Editorial – What makes a hero?

Glenn Rutherford

Glenn Rutherford

A group of military service veterans were enjoying each other’s company recently when the discussion of “heroes” began.
The word, they agreed, is tossed around pretty easily these days by news media and commentators on the myriad social media outlets.

So what exactly is a hero, they debated?

Is it a soldier who, in fighting a war, is wounded severely? You bet, they all agreed.

But what about the soldier who enters the service voluntarily and winds up driving a truck or cooking meals in the war zone? Is that person a hero? There was little disagreement.

You volunteer to serve your country and they send you into a place where you might get killed, you’re a hero. What about someone in the service who never serves in a war zone?

There was a little more discussion about that one, but finally everyone agreed that by joining the military, you’ve agreed to serve wherever they send you in service to your country. That counts as a form of heroism, they all finally agreed.

And the police officers who ran toward the shooters in various cities recently, trying to defend their fallen comrades. Those guys were heroes by any measure. The ones who shoot unarmed civilians? Not so much, the group of friends decided.

How about the 80 or so firefighters who battled a house fire in the Highlands the last week of July. Heroes, definitely.

The same goes for those who face off with the seemingly ubiquitous forest and brush fires in the west. They are making heroic efforts to halt those huge infernos.

There are other heroes hidden in our midst who we often overlook or simply forget. And for guidance in determining who they are, perhaps we should follow the lead of Pope Francis.

Last year during a general audience in St. Peter’s Square, the pope noted that “the hidden heroes of this world are those family members who still go to work and get their jobs done after staying up all night tending to a sick loved one.”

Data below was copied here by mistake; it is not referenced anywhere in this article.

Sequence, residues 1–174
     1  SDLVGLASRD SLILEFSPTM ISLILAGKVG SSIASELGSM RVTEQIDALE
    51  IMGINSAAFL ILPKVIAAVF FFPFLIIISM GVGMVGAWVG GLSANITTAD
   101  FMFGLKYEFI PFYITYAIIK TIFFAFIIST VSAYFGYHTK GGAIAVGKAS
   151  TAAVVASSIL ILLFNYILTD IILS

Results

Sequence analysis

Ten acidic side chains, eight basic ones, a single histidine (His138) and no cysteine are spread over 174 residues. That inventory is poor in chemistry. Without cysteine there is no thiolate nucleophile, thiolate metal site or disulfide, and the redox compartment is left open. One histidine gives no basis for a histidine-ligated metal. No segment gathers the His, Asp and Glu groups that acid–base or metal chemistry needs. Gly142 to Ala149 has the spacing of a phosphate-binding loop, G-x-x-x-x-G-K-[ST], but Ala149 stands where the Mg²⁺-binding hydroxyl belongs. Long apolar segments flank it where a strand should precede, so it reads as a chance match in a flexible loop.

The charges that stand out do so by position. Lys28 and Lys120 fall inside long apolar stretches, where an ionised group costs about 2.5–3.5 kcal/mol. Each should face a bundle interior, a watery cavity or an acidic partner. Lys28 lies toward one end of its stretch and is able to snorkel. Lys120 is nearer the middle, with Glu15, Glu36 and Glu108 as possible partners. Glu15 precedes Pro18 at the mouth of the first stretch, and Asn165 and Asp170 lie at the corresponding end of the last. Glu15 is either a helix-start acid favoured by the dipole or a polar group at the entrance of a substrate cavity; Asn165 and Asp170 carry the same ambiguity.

“How many times do we see at work — we’ve all seen it — a man or woman whose face looks tired … and when asked what’s wrong they explain how they got little sleep after tending to a loved one who was ill.”

They go on with their obligations, with their work, he said, despite their fatigue and weariness.

“These things are heroic,” the pope said. “This is the heroism of families; this is the hidden heroism that is done when someone is sick … and is done with tenderness and courage.”

Often we forget heroes of the church, too.

We call on our priests day or night when a family emergency arises. We depend upon them each week to guide us to a closer relationship with our God, to explain to us what we are called to do to serve the church.

We, in fact, take them for granted. We assume that despite whatever personal difficulties they may be facing, they will always be there for us. All we have to do is call and ask for help and someone from the presbyterate or the diaconate will come to our aid.

Women religious who served and cared for soldiers at Camp Taylor, as chronicled recently in The Record, were certainly heroes, too. Today, they are heroic in their constant service to the poor and marginalized here in the archdiocese and around the world.

They serve in education, tutoring immigrants and refugees; they run hospitals; they rescue and educate young women from brothels and they work to combat human trafficking, to name a few of their efforts.

It’s one of the great strengths of the church, the personal resolve to serve her people that our church leaders demonstrate to us daily.

The people of the Archdiocese of Louisville shouldn’t forget the priests, deacons, women religious and lay leaders who make the local church the vibrant and caring entity that it is.

You don’t have to look to the news for heroes. There are plenty here in our own back yard.

Record Editor Emeritus

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